Vintage Food Ads to Celebrate Mad Men
Here are some of our favorite ads that have stood the test of time.
Photo By: Picasa
Photo By: Picasa
The more things change, the more they stay the same. The healthy message of this Life Cereal ad from 1962 could apply right now. If only they had buzzwords like "organic" and "artisan" back then.
Chef Boyardee Beefaroni
“It’s the fun food kids love best, and the feeling is mutual!” Wait, beefaroni has feelings and emotions?! This changes everything.
The last 50 years has changed society in just about every way imaginable. One thing that hasn't changed one iota? Bananas and cereal are still together like, well, bananas and cereal.
This two-page spread shows off the many uses of Heinz products as ad men of the 1960s saw it. If this ad were to run today, there would probably be a burger hanging out with the ketchup, however.
Of course, nowadays we know that processing and heating polyunsaturated fats can eradicate their much vaunted health benefits. So this lady’s husband probably died mere minutes after shooting this photo. Oh well. At least she tried!
If you are looking for proof that we eat more than we used to, look no further than this Burger King ad. The Whopper used to be a meal in itself. Now it’s only a meal with a large fry fries and a cola.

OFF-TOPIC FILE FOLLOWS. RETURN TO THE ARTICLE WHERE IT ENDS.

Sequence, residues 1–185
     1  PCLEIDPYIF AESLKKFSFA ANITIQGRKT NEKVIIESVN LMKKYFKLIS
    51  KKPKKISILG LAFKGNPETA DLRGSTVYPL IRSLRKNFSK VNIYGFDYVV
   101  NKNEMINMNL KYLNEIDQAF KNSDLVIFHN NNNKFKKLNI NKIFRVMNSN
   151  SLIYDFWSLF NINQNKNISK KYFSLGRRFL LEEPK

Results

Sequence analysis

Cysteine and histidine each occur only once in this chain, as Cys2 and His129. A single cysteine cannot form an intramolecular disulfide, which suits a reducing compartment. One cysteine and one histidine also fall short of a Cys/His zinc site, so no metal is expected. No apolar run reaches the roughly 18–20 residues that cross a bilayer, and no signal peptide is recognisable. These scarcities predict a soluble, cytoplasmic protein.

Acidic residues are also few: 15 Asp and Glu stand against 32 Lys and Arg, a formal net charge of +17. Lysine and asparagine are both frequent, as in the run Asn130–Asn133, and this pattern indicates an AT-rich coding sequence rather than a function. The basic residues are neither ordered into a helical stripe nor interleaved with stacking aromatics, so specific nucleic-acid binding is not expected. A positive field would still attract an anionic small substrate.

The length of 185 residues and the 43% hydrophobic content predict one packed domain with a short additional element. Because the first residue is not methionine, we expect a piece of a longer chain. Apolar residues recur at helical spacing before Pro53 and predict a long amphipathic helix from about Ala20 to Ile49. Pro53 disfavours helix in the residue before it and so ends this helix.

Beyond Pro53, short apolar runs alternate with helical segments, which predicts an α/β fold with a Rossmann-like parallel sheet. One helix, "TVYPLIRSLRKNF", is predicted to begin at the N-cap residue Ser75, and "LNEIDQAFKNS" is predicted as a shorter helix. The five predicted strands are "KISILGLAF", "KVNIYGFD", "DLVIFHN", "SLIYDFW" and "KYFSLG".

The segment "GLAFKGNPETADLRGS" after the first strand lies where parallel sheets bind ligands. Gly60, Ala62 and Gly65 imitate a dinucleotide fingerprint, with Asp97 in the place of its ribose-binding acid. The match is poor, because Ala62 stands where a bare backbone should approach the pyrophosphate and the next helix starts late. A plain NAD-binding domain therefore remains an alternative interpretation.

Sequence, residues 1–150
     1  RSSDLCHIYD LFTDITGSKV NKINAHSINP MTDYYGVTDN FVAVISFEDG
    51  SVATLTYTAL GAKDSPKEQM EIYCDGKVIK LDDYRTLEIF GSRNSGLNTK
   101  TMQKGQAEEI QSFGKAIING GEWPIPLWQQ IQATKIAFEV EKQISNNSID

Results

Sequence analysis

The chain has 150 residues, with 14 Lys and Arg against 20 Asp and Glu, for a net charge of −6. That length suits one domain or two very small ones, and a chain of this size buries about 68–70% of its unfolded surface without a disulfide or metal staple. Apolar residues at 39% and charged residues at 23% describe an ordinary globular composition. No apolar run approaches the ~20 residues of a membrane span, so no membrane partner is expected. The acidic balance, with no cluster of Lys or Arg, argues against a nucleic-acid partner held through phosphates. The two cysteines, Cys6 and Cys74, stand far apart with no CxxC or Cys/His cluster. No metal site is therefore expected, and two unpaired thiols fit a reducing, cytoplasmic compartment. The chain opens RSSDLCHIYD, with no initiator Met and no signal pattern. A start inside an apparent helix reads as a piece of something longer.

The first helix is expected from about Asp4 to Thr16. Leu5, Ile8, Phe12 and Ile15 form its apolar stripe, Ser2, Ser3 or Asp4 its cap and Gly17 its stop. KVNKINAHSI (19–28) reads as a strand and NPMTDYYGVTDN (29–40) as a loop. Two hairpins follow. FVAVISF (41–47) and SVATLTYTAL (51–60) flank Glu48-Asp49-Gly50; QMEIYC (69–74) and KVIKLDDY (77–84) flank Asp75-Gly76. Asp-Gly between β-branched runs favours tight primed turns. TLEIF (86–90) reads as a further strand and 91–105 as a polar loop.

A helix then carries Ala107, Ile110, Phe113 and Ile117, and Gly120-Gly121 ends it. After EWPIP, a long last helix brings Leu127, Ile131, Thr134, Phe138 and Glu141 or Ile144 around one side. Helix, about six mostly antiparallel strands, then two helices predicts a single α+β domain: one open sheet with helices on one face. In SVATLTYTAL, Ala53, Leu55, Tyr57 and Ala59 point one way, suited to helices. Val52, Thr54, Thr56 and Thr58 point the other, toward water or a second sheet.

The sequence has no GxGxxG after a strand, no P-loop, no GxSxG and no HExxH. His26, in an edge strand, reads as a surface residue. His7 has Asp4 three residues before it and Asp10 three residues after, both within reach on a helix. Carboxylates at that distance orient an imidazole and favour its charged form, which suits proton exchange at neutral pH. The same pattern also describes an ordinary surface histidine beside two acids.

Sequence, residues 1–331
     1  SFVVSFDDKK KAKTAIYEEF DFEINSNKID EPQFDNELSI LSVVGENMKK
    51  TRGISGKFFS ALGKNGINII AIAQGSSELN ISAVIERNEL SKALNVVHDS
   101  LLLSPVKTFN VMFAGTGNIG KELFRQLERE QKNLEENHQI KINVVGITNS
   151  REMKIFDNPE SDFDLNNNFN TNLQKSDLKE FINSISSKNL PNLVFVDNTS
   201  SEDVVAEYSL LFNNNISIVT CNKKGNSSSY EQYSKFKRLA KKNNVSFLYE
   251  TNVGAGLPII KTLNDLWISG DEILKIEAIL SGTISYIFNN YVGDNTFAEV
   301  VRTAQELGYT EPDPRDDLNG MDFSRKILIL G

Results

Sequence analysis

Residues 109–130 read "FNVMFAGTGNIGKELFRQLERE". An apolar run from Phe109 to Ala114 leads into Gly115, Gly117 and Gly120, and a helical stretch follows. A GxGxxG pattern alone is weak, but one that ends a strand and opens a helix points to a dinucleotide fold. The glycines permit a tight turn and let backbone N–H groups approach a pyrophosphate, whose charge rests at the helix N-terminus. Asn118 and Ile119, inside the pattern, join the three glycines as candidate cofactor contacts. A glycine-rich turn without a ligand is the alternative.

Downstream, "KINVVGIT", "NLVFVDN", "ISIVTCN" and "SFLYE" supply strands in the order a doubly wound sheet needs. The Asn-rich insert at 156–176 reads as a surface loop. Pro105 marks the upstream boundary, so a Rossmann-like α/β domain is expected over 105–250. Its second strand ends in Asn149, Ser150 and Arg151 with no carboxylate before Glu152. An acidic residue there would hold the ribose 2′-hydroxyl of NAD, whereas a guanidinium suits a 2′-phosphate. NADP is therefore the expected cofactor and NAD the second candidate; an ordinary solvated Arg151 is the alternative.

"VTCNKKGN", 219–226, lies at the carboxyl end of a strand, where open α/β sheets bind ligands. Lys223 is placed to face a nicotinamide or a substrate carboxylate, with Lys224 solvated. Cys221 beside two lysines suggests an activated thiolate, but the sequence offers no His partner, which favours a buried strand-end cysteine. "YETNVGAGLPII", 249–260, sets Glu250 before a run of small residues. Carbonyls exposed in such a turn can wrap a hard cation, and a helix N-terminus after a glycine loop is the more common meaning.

This is a great ad that would not be out of place in today's marketing climate. Caviar as a wig?! Now that’s something Don Draper probably wished he had thought of. His superman locks won’t last forever.
Hopefully Mad Men will enlighten us as to why ad men thought that showing a shake atop a mound of unidentifiable powder or raw meat being ground beside a burger were clever marketing ideas.
Mary Kitchen Roast Beef Hash
Hash is about as old as breakfast itself. However, inexplicably stuffing it into a hollowed-out orange seems like it could have only have happened in the 1960s.
Using mustard as a key ingredient in pot roast also seems like a relic from the ’60s, but it could be weirder. : The whole roast could be stuffed into a hollowed-out orange.
It seems Special K has not changed their marketing strategy since its inception. It’s interesting to notice that they used to market more towards men, whereas now it is the opposite.